Most spiritualists aren't interested in cultivating an accurate understanding of fundamental physics, for instance, but if you ever do you will find that spiritual interpretations will represent obstacles to your development, simply because they are not a coherent part of physics. They're poetry.

Indeed that is quite true of more western religions which promote faith over reason and a disregard for the natural world. But I find that far-eastern religions, particularly Shinto (including it as religion for ease of discussion), promote an understanding and acceptance of nature. They're more concerned with personal or cultural development and harmony with nature rather than conflict with it.
This is why Japan was able to so easily adopt new technologies the rest of the world had been developing from the 1800's and onward, and it's why Japan is one of the main countries leading the world in science and technology today.

Poetry is a nice way to describe how Shinto works. It's a poetic way of embracing nature. Spiritual in the sense that Tyson or Dawkins are spiritual; with much less focus on the supernatural stuff than other spiritual practices.
 
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jtrekkie

Feathered
That is simply not true. If your source is demonstrably and factually false then your source is worthless. Especially if the person you are arguing with can demonstrate that! Because now you haven't given a counterargument, you have indirectly supported the other person's argument!

And by the way, answersingenesis is a demonstrably false source.

Let me put it differently. The source is entirely irrelevant. Further, declaring some person or group innately false is criminal, for such actions will block lines of inquiry that otherwise may have been pursued, as has occurred far too often in the past and continues today.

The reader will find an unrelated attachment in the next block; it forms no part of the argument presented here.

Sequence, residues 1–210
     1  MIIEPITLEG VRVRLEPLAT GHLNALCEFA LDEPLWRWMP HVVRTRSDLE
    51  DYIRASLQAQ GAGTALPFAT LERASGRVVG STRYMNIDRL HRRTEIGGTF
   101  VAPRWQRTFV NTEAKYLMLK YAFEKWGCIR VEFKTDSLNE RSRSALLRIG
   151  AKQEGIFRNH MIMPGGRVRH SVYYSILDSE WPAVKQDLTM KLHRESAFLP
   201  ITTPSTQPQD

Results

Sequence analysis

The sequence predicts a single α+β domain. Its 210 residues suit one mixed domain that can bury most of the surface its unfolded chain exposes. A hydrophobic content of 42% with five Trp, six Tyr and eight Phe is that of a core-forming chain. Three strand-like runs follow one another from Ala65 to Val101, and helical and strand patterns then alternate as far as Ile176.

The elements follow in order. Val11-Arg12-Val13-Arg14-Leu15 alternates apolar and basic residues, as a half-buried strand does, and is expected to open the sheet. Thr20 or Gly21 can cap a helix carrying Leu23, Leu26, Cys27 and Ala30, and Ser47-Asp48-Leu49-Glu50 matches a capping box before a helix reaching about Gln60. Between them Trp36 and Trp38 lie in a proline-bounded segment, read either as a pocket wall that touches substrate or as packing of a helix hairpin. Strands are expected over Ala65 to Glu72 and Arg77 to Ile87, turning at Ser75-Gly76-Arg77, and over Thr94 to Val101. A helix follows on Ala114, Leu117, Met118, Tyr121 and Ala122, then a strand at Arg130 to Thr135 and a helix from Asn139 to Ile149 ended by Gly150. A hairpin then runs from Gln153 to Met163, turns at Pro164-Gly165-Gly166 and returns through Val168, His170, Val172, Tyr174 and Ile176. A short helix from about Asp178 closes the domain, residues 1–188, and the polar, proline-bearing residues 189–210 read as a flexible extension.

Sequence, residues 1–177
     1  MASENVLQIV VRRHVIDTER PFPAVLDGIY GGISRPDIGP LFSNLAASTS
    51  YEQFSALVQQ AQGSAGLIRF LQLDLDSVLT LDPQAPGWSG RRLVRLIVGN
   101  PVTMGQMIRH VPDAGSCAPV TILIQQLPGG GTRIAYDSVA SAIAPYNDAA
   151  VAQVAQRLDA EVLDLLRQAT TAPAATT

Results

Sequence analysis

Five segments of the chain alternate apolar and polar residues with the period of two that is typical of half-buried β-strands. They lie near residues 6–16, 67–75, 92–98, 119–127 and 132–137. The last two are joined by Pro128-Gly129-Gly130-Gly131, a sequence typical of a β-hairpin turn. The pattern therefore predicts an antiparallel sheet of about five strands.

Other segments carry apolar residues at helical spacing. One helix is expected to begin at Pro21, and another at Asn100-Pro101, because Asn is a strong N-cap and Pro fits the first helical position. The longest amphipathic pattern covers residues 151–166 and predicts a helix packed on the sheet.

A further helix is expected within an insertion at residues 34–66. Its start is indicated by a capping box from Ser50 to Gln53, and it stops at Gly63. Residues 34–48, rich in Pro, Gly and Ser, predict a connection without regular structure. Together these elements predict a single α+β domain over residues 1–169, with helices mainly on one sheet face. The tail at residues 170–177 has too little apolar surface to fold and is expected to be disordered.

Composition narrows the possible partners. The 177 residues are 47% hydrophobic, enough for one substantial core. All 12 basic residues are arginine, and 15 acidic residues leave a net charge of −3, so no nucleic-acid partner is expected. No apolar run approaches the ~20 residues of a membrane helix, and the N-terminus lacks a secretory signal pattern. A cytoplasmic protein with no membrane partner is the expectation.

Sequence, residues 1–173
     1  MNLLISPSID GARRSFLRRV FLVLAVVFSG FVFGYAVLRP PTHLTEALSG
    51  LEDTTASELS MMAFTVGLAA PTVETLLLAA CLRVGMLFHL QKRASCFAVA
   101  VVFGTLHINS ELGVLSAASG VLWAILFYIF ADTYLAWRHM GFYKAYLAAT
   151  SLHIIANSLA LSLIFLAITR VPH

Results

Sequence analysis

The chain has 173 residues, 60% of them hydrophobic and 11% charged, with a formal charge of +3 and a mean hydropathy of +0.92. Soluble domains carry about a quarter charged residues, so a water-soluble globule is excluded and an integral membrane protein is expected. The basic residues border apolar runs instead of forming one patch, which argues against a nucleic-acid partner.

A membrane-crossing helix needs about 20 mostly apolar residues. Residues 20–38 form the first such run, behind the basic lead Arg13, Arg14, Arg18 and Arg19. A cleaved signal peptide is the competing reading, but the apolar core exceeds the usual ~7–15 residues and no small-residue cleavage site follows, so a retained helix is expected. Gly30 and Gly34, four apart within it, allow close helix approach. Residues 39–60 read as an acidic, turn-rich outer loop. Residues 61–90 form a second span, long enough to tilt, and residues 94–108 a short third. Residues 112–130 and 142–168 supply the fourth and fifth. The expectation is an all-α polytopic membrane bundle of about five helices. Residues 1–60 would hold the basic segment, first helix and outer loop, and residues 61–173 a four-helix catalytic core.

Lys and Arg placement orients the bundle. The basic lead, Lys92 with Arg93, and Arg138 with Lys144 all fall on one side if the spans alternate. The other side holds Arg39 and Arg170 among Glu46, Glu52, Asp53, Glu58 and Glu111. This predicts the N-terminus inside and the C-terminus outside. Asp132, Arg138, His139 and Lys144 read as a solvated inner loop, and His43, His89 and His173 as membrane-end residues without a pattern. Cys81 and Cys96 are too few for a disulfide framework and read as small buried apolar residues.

For instance, the steady state theory isn't dead. In fact if you don't entirely neglect the electromagnetic force you can account for the distribution on matter, including the formation of galaxies, solely using observable phenomena and processes. (I can look up the author if your interested). It is possible that this theory is just plain wrong, but nobody knows. Only a couple of people have pursued it so it remains largely unanalyzed because it is philosophically unsavory. (If your wondering how that fits in, the author was primarily an experimental physicists.)

Another anecdote. Mesmer was an idiot. His methods were flawed, his conclusions were unfounded, and he made sick people eat iron filings. However, he discovered a bone efide psychological phenomenon. Based on his quackery, instead of any relevant study of the subject, people wouldn't believe hypnoses was a real phenomenon for a long time. (Benjamin Franklin's verdict didn't help his credibility any, either.)

And as for the other thing, I didn't need another argument because we were in agreement (which is what debate is for, actually. The call it "synthesis".) But even if we weren't silence does not equate with assent. If it did you could argue to the trees and count them your supporters. And when you start discussing metaphysics with a cow you just look ridculous. I know because Voltair tried it, and who's going to argue with him.
 

Fallowfox

Are we moomin, or are we dancer?
Let me put it differently. The source is entirely irrelevant. Further, declaring some person or group innately false is criminal, for such actions will block lines of inquiry that otherwise may have been pursued, as has occurred far too often in the past and continues today.